A Perfect Fusion of Classical and Contemporary – A Review Of “The Urban Nutcracker”
I distinctly remember the first time I saw a performance of the holiday classic “The Nutcracker”. It was in the 4th grade and my elementary school had offered it as a field trip as part of our music and art classes, and most of what I remember about the performance is that the mouse king and his minions were my favorite characters. It wasn’t until last year when I took Sheila to the production as a Christmas gift that I was able to appreciate all the amazing aspects of that show; the military-like precision of the dancers, their outstanding physical ability, and the musical brilliance of Tchaikovsky.
We had the opportunity this holiday season to take in The Urban Nutcracker. The Urban Nutcracker, is a re-imagination of the original performance that is in its 18th year. Produced by the Tony Williams Dance Company, the show is still very much rooted in ballet and the works of Tchaikovsky but with the jazz rhythms of Duke Ellington providing a new dimension on the classic while tap, hip hop and flamenco provide a creative juxtaposition to the precision of the ballet.
The story will be familiar to anyone who has seen the classic, with the story’s heroine, Ruby, receiving a nutcracker at a family holiday party from a street magician named Drosselmeyer, which then comes to life after she falls asleep and does battle with the mouse king. After Ruby defeats the mouse king, the nutcracker is transformed into a real-life prince and transports Ruby to his world where she is shown dances from near and far until she awakes, wondering if it was all a dream.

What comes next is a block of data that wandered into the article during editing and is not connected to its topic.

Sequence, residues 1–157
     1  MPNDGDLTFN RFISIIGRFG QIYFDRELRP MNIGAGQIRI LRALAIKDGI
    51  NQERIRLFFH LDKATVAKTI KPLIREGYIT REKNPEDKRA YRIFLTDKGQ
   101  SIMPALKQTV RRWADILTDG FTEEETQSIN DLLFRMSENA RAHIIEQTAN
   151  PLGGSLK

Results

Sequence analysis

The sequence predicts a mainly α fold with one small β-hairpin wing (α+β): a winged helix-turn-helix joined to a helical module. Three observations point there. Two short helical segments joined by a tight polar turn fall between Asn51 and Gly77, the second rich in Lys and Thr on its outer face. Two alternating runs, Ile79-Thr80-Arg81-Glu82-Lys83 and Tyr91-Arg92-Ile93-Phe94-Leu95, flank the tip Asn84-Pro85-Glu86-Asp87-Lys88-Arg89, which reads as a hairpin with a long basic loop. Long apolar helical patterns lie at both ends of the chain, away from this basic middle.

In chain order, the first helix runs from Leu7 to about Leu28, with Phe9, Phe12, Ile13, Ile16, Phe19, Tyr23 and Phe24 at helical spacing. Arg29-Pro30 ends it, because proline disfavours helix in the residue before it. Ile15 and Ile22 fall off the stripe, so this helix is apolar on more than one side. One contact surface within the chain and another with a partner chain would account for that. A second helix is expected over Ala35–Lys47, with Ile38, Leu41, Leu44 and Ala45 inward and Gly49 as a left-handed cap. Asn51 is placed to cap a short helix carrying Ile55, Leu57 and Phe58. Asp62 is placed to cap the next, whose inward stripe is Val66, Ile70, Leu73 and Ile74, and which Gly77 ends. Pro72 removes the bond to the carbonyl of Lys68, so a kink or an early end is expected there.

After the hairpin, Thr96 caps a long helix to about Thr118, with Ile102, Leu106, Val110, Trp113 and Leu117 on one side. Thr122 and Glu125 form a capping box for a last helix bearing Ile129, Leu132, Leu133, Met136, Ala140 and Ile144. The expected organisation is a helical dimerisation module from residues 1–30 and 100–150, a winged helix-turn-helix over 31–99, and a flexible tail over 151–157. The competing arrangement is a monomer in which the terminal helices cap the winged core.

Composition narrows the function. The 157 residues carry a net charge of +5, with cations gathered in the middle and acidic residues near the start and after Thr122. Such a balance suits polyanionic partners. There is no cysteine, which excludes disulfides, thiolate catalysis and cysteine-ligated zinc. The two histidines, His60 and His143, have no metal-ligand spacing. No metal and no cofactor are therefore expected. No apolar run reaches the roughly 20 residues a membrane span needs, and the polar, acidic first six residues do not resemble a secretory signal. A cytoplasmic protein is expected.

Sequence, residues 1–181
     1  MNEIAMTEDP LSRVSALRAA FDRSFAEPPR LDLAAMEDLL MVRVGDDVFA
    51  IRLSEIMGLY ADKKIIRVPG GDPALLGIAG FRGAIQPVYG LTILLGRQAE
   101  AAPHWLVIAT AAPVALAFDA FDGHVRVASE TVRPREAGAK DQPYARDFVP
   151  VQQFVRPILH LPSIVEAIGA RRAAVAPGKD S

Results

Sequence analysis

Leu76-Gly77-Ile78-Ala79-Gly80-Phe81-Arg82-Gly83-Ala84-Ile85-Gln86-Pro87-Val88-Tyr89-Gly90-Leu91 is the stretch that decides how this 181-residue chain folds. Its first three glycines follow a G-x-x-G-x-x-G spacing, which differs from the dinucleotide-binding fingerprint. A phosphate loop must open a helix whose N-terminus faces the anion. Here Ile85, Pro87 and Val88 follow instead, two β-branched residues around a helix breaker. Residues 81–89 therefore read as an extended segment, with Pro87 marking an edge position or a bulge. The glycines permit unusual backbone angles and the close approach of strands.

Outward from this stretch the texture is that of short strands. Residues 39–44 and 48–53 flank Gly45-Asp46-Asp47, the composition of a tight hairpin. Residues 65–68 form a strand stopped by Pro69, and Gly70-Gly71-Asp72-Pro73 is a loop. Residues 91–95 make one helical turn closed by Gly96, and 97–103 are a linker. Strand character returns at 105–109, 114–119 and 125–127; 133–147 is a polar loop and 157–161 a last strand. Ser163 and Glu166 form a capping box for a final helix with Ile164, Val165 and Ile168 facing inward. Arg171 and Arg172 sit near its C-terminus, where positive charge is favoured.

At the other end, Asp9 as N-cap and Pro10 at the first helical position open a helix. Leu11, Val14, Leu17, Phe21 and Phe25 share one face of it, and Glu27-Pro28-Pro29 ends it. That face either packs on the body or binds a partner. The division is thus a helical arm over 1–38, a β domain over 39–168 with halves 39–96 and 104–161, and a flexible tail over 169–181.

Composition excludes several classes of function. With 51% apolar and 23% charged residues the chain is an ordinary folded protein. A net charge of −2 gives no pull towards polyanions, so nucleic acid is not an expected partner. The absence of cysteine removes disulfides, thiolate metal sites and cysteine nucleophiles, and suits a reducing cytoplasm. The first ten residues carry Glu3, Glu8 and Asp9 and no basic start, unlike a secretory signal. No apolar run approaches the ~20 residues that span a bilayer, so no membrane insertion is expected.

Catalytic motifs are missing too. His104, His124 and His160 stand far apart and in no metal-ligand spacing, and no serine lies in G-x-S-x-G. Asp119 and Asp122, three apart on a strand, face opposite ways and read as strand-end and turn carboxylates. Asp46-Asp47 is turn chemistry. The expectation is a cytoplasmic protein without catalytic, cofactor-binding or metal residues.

Where the story departs though, is where and when it takes place. Early 19th century Europe is replaced with current day Boston for the setting and is one of the things we loved most about the reimagining of the classic. The sets, designed by Janie Howland, draw inspiration from many Boston landmarks that should be recognizable to any local. The Citgo sign, Fenway Park, the golden dome of the State House, the Public Garden, Custom House Tower, the Boston Public Garden, and the Hatch Shell all add a sense of familiarity and relatability to the performance.
The cast of this delightful show defines diversity! The Urban Nutcracker motto is, “Diversity Through Dance,” and they certainly commit to this motto through the selection of their cast.
The primary casting pool for dancers are a part of the City Ballet Boston, but an open audition features dancers from the South Shore, New Hampshire, and around the Boston metro area. All backgrounds of race, dance, and skill level are incorporated into this years team. One special feature to this years cast is that approximately 20% of the children’s cast is a brother or sister of another dancer. There are even five brother/sister teams specifically in this production.
While the stage is quite large in the Boch Center Shubert Theatre, the cast choreographed and rehearsed the show on in a 41 x 30 foot dance studio in Jamaica Plain. The show is also all live musical performers! An 8-piece jazz band provides all the detailed pieces through the show, which is the first time a live band has been incorporated into the show.
This is one of the biggest reasons we would recommend the Urban Nutcracker to anyone who may be looking for a family friendly evening of entertainment and culture. With the performance taking place in a current day time period while also adding the more modern elements of dance and musical influence may be better for younger children who may not have the interest or attention span for the original performance. One other fascinating aspect of the Urban Nutcracker is that each year approximately 25% of the show is re-choreographed to keep the story and the tone fresh. Each year there is something new added, enhanced, or changed!
The Urban Nutcracker is being performed at the Boch Center Shubert Theatre through December 30th. Tickets are available at bochcenter.org or by calling (866)-348-9738. You can also follow the link here to obtain tickets!
All photographs provided courtesy of City Ballet Boston and copyright Corwin Wickersham